|(Francesco Bongiorni for The Boston Globe)|
Finely tuned grand illusions
A Steven Millhauser story is meticulously worded, often off-kilter at heart, and deserving of comparisons to Borges and Kafka, and has been so for many years. Millhauser has built a reputation on producing a consistently mystifying and provocative product. In this volume of new and selected works written over 30 years, he offers us numerous tales from four volumes whose storylines have been creative loci for him for decades. These yarns, with their idyllic American backdrops, their driven geniuses entrenched in fin-de-siecle Europe, their wondrous, inexplicable occurrences, from flying carpets to frog wives, make demands on our imaginations, but definitely give back in return. And what’s more, the new stories in the volume display an unfamiliar restlessness, possibly a sign of stylistic changes afoot.
The most intriguingly unhinged of the new works, “People of the Book,’’ is a commencement speech in which the speaker tells a crowd of 13-year-olds the origins of their race: human copulation with books. The speech ends with a pleasing paean: “Lift your eyes to the heaven-shelves on every wall, lift your eyes to the living and breathing words that surround you. . . the Ancestors, row on row.’’ The story seems carried away with itself on the surface, yet Millhauser manages to keep its rhetoric grounded - in the love of books. In stark contrast, “The Next Thing’’ is notable for the restlessness of its commentary. After muttering and fretting about the gradual construction of miles of underground living/working spaces near his small town, the everyman speaker simply says, “It’s hard to know what to make of all that. These are interesting times.’’ A story of a thwarted teenage romance bears the rococo title “Tales of Darkness and the Unknown, Vol. XIV: The White Glove.’’ These stories seem to come from a different, perhaps more spontaneous, part of Millhauser’s mind than his other works. The possibility that they could fly out of control is tantalizing, while our hunch that they probably won’t is reassuring rather than disappointing.
Millhauser’s recurring storylines are much like forms - we care less about the stories than about the emotions they produce. Some of his stories are intensely imagined biographies, or parts thereof, that ultimately turn inwards. The tautly etched “August Eschenburg’’ is a standout from “In the Penny Arcade,’’ the earliest book included in this collection. The titular builder of clockwork-driven automata in Muhlenburg, Germany, garners praise for his figures’ deftness and lifelike quality; after achieving further success in Berlin, he begins to feel as disconnected from his business, and from success itself, as one of his own puppets. “Eisenheim the Illusionist,’’ from “The Barnum Museum,’’ describes a masterful magician whose summoning of ghostly presences - who interact with him and audience members - draws so much notoriety that he must eventually turn his magic on himself. These stories resemble cautionary fables, and yet the caution is ambiguous.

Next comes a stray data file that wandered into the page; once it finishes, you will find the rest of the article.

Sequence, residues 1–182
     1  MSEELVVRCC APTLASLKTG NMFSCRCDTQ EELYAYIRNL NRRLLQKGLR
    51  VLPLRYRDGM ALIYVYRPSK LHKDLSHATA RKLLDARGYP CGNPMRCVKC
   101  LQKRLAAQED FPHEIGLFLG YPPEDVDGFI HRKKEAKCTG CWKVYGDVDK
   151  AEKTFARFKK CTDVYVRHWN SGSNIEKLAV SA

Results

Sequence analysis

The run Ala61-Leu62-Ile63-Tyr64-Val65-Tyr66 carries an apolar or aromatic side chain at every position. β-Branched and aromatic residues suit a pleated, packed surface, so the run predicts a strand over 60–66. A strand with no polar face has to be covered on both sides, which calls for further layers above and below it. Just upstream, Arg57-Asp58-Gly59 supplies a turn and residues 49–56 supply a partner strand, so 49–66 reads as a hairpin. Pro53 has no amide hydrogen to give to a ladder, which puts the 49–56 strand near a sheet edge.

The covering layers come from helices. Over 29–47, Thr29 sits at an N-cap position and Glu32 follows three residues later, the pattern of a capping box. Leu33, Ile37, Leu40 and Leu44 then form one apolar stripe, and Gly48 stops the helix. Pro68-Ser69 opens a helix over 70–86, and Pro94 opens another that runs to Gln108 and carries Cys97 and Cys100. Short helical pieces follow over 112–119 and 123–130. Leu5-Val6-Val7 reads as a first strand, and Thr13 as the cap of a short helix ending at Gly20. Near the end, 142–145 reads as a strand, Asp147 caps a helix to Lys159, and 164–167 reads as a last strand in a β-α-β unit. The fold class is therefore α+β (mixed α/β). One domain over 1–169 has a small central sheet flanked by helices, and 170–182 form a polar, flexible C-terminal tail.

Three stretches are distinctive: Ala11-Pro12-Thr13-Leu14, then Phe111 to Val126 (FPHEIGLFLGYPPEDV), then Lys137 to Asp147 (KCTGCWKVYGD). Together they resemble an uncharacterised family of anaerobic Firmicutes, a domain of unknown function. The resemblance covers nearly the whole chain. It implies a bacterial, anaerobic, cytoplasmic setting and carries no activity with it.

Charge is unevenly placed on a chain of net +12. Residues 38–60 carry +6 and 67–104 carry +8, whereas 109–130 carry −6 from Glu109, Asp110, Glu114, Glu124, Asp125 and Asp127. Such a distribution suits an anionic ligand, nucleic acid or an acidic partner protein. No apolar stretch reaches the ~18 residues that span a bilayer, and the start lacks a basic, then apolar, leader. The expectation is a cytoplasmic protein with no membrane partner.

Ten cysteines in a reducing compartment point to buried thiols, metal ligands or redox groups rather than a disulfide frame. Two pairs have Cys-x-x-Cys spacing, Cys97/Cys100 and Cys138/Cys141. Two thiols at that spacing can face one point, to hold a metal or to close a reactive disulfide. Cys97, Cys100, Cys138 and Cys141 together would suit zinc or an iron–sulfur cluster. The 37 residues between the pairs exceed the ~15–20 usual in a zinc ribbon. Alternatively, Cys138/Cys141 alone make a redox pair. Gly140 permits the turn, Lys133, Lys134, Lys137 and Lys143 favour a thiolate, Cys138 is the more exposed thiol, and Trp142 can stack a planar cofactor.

In other stories, Millhauser injects a surreal event into a commonplace setting, satirizing that setting by poking holes in its veneer. “Dangerous Laughter’’ offers, in “The Disappearance of Elaine Coleman,’’ the story of a woman who inexplicably vanishes one day from a room that locks from the inside, without evidence of abduction. The “we’’ narrating this story takes responsibility, claiming that the woman’s community erased her. In “A Visit,’’ from “The Knife Thrower,’’ a man visits an old friend in upstate New York. The friend’s wife is a large frog, and the couple is unabashedly content. Though the visitor is repulsed by the union, Millhauser makes their bond convincingly deep -and hard to entirely dismiss. These stories question normalcy, and their attraction lies in the degree to which they debunk it entirely.
Millhauser also writes antistories, plotless pieces that explore the luminousness or resonance of a place or discrete topic. The title story of the “Barnum Museum’’ takes readers through the cloistered interior of a museum devoted to the history and memorabilia of P.T. Barnum’s famed circus. We learn about all of the museum’s nooks and crannies, as well as about the strange denizens who live there. “The Eighth Voyage of Sinbad’’ arranges itself as a collage of quotes, scholarly observations, and discussions of the history of “Thousand and One Nights’ ’’ and semiromantic, musings on imagined moments in the life of Sinbad. These pieces give us a tour of their own structure, rather than sweeping us through a plot, and yet they consistently suggest discovery.
Given the content of the volume, its title seems wholly appropriate. One of Millhauser’s most arresting stylistic quirks is to tell a story in the first person plural. Millhauser’s “we’’ both invites and distances; it asks us to be part of a group, witnessing the bizarre events occurring before “our’’ eyes, but it also gives a passive tone to the work, perpetually separating the teller of the story from the story itself. Naming the book “We Others,’’ then, raises the question: Are we part of “us’’ or “them’’? Are we witnesses, participants, outcasts? It is that kind of quiet unsettlement that makes “We Others’’ essential reading for anyone who might have ever doubted their assumptions.
Max Winter is author of “The Pictures,’’ and he co-edits the small press Solid Objects. He can be reached at firstname.lastname@example.org.